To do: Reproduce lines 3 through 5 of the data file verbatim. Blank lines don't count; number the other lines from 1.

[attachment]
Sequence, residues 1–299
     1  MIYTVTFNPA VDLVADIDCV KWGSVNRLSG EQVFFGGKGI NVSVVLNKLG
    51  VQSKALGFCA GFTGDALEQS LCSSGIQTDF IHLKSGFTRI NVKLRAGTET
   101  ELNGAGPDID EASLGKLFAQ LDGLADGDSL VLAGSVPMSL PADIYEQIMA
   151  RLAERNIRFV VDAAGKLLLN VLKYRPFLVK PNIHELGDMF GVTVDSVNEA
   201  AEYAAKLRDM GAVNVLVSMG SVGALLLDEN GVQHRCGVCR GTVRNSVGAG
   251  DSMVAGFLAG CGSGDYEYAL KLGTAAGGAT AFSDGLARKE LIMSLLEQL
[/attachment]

    51  VQSKALGFCA GFTGDALEQS LCSSGIQTDF IHLKSGFTRI NVKLRAGTET
   101  ELNGAGPDID EASLGKLFAQ LDGLADGDSL VLAGSVPMSL PADIYEQIMA
   151  RLAERNIRFV VDAAGKLLLN VLKYRPFLVK PNIHELGDMF GVTVDSVNEA